Toyota's recent high profile recall problems are an example of a painful lesson that too many dealers have learned recently: A manufacturer's problems can become major trouble for its dealers.
When your franchisor catches cold, your dealership may face a potentially fatal pulmonary emergency.
If your franchisor is handling a crisis, especially of the recall variety, what do you do? Here are some suggestions.
Make Sure Your Insurance is Solid
Highly publicized problems lead to lawsuits. This can be happen to any franchisor with recalls or safety campaigns, and they all have them.
Sometimes, dealers become embroiled in those legal actions. If you are a franchised dealer, you are entitled to indemnification from your franchisor for product lawsuits. However, some things can lead to a manufacturer's refusal to fully indemnify — allegations that you did faulty work on a vehicle or that you altered the vehicle are examples.
Make sure that your insurance coverage is solid. Does your policy create an unbroken chain of liability coverage for vehicle sales over the last several years? Is your liability coverage for vehicle future sales solid? Are there any gaps that can be closed with endorsements to your current policy? Are the limits of coverage sufficient to protect your assets?
Talk to your insurance consultant if you have any concerns.
Watch for Subpoenas
A dealer should always track subpoenas served on the dealership. They may signal coming problems. A subpoena for a deal file in an accident case could be a precursor of a coming product lawsuit. A subpoena from a state or local government agency could indicate a looming investigation. If you receive a subpoena that concerns you, discuss it with your attorney to determine whether action beyond simple compliance is warranted.
You don't want publicity that a safety campaign or recall is handled poorly. Don't assume your personnel knows what to do. Make sure your service and parts departments are ready to handle the additional load.
Have the necessary parts. Make sure technicians are trained to do the work.
Ask whether the new-car department has grounded inventory with unrepaired recalls.
Train used-car department staff to understand how to find recalls on inventory and to make sure repairs are done before sale. (Sales of used cars are not covered by the federal recall law, but knowingly selling a used car with an open recall, especially if it's the brand for which the dealer has a franchise, could lead to liability in the event of an accident.)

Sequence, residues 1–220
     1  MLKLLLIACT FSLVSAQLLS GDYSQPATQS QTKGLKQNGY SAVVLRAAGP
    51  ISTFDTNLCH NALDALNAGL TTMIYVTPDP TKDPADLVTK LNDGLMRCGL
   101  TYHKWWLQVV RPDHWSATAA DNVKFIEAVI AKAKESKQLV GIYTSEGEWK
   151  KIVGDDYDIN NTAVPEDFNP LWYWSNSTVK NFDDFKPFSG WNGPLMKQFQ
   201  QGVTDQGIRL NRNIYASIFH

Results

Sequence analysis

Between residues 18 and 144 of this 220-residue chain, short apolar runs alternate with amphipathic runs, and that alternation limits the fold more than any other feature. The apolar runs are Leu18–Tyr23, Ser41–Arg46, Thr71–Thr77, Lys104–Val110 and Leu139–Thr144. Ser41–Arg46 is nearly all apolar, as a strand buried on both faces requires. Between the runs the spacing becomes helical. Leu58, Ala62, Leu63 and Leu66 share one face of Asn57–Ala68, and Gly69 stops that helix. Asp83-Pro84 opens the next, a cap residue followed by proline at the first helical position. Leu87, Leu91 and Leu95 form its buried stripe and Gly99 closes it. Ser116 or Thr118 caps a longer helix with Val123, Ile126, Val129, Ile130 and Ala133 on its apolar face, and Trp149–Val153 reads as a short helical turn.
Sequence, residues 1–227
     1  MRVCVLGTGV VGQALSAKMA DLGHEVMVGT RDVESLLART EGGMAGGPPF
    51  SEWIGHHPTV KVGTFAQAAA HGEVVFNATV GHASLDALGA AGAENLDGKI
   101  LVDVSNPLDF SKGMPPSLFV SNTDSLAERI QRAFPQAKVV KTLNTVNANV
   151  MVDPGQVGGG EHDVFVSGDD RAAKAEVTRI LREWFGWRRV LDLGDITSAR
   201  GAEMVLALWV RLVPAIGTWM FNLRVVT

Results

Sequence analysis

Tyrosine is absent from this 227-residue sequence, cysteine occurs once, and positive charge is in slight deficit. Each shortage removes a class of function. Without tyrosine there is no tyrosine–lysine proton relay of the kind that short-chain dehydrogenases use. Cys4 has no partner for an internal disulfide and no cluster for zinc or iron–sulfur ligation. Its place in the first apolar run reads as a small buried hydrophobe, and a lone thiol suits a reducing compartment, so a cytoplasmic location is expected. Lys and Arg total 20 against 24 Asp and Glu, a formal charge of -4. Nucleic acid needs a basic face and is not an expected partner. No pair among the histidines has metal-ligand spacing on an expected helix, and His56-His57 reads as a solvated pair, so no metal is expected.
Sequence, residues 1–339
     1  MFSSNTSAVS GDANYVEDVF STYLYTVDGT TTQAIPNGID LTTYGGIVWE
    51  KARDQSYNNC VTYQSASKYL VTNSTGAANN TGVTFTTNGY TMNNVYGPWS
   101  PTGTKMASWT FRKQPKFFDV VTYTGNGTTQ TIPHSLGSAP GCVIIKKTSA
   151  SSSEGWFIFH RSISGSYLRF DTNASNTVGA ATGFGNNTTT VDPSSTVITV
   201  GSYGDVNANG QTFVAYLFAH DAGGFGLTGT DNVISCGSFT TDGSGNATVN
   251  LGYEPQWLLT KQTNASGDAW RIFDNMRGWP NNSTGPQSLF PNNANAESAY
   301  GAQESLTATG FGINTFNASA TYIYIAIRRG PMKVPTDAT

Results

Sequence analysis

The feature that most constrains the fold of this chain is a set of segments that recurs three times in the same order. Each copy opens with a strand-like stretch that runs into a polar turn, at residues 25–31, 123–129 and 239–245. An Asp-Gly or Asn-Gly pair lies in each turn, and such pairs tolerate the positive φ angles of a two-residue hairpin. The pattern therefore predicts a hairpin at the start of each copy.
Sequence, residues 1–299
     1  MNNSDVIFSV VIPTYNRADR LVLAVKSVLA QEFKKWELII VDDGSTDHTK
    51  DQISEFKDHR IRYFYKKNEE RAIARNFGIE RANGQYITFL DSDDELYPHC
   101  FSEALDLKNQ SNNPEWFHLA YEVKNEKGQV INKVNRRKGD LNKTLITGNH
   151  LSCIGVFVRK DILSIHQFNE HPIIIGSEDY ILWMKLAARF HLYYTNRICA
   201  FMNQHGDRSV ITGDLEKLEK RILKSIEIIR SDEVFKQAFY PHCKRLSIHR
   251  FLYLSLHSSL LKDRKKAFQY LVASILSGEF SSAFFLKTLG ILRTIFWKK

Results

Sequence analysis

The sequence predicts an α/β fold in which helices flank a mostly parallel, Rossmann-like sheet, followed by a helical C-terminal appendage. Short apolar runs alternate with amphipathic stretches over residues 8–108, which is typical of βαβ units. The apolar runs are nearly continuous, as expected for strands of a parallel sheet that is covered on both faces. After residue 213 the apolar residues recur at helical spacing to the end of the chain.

Train all personnel to work with emotional customers fearful of a safety problem with their vehicles.
Sales Impact? Negative publicity can hurt sales. Prepare a marketing plan to attract buyers, regardless of the publicity. Train sales employees to handle recall-related objections. Be prepared to help employees who suffer financially through the difficult time.
Control Public Comments
When your franchisor has a high-profile problem, media often contact local dealerships. Comments that embarrass the franchisor make news. Media inquiries should go to the dealer or a selected senior official.
When speaking to the media, indicate confidence in the ability of your franchisor to respond to problems and in its products. Know and understand your franchisor's position about the issues.
Counter Reckless Charges
Recognize that there is an industry of lawyers who sue manufacturers.
The recall industry often generates public statements that are unsupported and even reckless in an attempt to attract clients who can become plaintiffs. Those should not go unchallenged. When you see those in local media, get involved and respond. The reputation of the vehicles you sell is at stake.
Michael Charapp, an attorney with Charapp & Weiss, LLP who specializes in representing motor vehicle dealers, can be reached at (703) 564-0220 or [email protected]
Questions or comments about this column?
Send us an e-mail at [email protected].